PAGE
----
Trump Reportedly Reconciles With Ex-Adviser Steve Bannon, Counsels on Election

by Daria Bedenko
Jan 15, 2021

Steve Bannon, who worked as chief White House strategist and senior counselor to the president from January to August 2017, faces criminal charges for money laundering in connection with building portions of the US-Mexico border wall – to which he pleaded not guilty.

The outgoing US president, Donald Trump, reportedly reached out to former chief strategist Steve Bannon for the latter’s advice regarding his election defeat, Bloomberg reported, citing people familiar with the matter.

According to the sources, Trump is now in search of allies “who would tell him what he wants to hear” as he continues to challenge the outcome of 2020 presidential election, continuously claiming that “massive election fraud” took place.

Bannon has reportedly sought a presidential pardon in his return to Trump’s good graces, following his departure from the White House in August 2017 after accusations that he is a “symbol of white nationalism” who “energized that sentiment” through his position.

The accusations were prompted by Trump’s reaction to the Unite the Right rally in Charlottesville, when he, as The New York Times put it, became “the only national political figure to spread blame for the ‘hatred, bigotry and violence’ that resulted in the death of one person to ‘many sides'”. The advice not to criticise violent right-wing rally participants reportedly came from Bannon.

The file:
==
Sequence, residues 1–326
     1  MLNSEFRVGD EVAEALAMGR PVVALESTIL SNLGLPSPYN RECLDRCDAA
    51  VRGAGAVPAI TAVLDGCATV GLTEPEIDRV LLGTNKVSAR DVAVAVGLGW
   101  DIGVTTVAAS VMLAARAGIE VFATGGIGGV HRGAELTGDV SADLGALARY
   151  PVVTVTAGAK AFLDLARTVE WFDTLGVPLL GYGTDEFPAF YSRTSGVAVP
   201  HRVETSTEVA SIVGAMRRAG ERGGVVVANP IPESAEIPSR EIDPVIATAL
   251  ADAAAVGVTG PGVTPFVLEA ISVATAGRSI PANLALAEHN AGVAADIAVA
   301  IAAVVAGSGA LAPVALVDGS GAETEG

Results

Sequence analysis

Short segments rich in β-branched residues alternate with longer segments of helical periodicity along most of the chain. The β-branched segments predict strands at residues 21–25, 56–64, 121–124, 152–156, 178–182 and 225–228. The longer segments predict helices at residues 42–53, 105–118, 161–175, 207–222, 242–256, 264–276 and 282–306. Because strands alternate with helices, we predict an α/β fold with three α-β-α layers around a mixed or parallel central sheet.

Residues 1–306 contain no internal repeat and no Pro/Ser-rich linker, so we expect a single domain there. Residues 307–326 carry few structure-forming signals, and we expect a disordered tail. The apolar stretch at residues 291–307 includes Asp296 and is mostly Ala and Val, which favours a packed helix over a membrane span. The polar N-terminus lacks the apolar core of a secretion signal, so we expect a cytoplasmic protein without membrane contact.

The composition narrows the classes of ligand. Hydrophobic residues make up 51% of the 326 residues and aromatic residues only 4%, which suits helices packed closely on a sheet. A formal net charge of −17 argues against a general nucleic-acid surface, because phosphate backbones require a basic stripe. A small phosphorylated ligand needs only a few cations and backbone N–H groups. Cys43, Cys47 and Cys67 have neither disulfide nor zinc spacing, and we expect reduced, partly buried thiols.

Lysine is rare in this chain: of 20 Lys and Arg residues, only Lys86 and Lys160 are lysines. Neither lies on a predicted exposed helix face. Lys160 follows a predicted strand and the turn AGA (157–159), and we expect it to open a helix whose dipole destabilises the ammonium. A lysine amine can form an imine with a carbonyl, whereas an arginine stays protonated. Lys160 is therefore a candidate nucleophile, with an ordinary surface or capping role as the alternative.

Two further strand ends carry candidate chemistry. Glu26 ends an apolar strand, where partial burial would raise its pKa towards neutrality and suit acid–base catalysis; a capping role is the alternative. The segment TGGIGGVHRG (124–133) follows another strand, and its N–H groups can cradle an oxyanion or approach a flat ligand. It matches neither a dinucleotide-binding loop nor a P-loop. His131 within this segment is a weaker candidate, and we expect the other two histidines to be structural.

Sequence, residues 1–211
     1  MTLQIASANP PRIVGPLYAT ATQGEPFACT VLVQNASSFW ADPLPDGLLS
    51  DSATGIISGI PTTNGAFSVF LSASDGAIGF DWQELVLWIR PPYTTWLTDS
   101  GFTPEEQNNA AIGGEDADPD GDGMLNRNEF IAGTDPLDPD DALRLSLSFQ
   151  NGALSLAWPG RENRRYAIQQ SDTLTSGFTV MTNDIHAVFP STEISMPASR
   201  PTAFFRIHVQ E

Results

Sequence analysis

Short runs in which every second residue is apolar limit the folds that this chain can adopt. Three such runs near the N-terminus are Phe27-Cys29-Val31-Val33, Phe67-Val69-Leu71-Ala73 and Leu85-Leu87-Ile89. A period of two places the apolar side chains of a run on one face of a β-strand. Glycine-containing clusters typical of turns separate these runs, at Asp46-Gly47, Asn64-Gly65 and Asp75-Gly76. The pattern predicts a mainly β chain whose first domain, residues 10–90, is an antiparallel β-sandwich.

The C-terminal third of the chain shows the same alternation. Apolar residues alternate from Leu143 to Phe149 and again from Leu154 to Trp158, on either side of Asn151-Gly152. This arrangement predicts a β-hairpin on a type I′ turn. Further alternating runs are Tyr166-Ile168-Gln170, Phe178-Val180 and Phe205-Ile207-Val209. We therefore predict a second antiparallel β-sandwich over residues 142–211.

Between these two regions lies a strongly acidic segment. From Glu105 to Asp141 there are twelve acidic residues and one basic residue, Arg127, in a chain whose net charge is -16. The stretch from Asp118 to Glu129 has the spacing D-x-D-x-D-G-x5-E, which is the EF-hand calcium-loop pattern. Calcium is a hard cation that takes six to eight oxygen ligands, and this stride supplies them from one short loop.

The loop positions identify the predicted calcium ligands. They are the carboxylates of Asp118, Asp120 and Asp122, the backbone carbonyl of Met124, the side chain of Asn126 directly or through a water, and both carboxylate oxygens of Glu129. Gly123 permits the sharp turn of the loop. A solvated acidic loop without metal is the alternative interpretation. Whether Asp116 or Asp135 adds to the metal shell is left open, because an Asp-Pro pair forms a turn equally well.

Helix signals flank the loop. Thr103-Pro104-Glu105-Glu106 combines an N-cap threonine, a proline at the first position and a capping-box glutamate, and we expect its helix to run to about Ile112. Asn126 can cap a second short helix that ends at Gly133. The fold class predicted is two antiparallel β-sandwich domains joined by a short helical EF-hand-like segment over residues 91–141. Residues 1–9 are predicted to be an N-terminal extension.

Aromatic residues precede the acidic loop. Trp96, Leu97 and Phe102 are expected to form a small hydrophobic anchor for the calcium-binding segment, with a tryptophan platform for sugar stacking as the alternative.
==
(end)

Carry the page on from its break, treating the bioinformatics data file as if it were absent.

In November 2020, the former strategist, was permanently banned from Twitter. The suspension of his account followed Bannon’s remarks in his podcast “War Room”, in which he suggested that the director of the National Institute of Allergy and Infectious Diseases, Anthony Fauci, and FBI Director Christopher Wray should be beheaded.

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Trump was banned from Twitter for what is seen by many as his “incitement to insurrection” violence in the deadly 6 January US Capitol attack by his supporters, which saw five people killed. Trump dismissed the accusations of “inciting insurrection”, for which he was impeached a second time on Wednesday, insisting that he never wanted violence on US streets.

According to reports, Trump’s inner circle is “shrinking” as calls emerge for him to resign after the deadly Capitol riot. His impeachment was backed by 10 Republicans in the House of Representatives who joined with the Democratic bloc, while the number of his loyalists is reportedly dramatically decreasing.

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